A week out from the election, everyone seems to be a pundit with a conventional wisdom about election fundamentals. My elderly neighbor, a long time Democrat, asked me today who I thought would win the election. I guessed Mitt Romney, telling him the odds are longer for him so it’s the gutsier prediction to get right. Nevertheless, we both agreed Obama’s the favorite, however slightly. My neighbor gave three reasons for an Obama advantage, mostly right.
The first is incumbency: presidents tend to get re-elected. While three presidents (Bush, Carter and Ford) lost general elections in the last fifty years, the last incumbent president to have been elected to the office, not beaten an incumbent himself and not faced a serious third party challenge to still lose his re-election bid was Herbert Hoover in 1932.
The second is the ground game. While enthusiasm for Mitt Romney’s grown significantly since the first debate, the Obama campaign still has one of the most formidable ground operations in recent memory. It could net the president at least two percentage points on election day and is credited for bringing states like North Carolina, Indiana and Virginia into Obama’s column in 2008. My neighbor jokingly called them “shock troops,” and Democrats, at least, are trumpeting early voting turnout as a favorable sign for them.
The third reason my neighbor gave was Ohio. Ohio has certainly been the closest thing to center stage in this presidential election campaign. No one state voting differently in 2008 would’ve swung the election, but 2004 hinged on the results in the Buckeye state. John Kerry shared stories about voting irregularities with Hamid Karzai when the Afghan president was threatened by a run-off. The conventional wisdom seems to say 2012 will rest on Ohio too, but I’m not sure how important Ohio will be in a race with as many battle ground states as even conservative estimates indicate (five or six) and both candidates about the same amount of states less one or two away from 270.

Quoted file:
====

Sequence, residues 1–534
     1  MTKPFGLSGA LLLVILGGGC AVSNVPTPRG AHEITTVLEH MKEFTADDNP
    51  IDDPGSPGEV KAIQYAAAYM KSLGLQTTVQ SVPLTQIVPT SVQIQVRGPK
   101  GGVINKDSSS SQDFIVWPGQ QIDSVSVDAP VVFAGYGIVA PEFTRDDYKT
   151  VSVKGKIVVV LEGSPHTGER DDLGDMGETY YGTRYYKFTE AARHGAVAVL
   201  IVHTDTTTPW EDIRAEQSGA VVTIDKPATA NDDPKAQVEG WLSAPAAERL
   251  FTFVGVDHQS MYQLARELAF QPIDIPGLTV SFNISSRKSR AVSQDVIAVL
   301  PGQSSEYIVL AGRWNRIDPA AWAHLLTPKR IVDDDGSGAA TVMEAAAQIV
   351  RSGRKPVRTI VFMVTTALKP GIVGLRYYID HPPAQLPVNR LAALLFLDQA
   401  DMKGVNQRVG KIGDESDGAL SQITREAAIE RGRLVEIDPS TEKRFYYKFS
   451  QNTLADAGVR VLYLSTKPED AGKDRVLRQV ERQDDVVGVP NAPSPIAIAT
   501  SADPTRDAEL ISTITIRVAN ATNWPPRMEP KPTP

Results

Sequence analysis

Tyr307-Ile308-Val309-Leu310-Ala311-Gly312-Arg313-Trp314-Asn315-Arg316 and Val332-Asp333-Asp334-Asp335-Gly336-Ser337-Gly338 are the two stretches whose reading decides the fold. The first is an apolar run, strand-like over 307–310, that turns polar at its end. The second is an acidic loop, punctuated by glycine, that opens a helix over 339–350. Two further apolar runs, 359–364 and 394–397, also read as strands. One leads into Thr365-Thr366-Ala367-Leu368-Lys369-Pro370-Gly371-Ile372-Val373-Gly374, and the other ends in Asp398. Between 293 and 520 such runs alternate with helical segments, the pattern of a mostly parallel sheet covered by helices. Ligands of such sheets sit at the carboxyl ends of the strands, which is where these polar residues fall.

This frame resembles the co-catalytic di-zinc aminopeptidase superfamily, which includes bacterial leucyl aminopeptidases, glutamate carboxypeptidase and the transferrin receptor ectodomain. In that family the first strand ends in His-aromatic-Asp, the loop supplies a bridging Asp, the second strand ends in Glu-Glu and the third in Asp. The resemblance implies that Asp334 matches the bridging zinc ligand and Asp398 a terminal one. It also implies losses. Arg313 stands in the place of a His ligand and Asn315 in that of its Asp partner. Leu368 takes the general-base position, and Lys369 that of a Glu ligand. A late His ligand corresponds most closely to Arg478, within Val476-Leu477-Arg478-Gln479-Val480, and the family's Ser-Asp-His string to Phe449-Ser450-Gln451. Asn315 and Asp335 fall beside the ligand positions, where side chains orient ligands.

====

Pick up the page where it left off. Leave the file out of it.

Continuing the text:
Here’s an electoral map where Romney wins Ohio (and Virginia and Florida) and still loses the election:
Here’s one where he loses Ohio and wins the election (no Republican has done that):
For fun, here’s what a tie vote that would trigger a contingent election in the Congress that Romney would likely win might look like:
Bonus fun, here’s how Gary Johnson winning a few electoral votes could prevent either from getting a majority and also lead to a contingent election, where the House would vote by state delegation from among the three candidates for president:
You can make your own electoral maps via RealClearPolitics.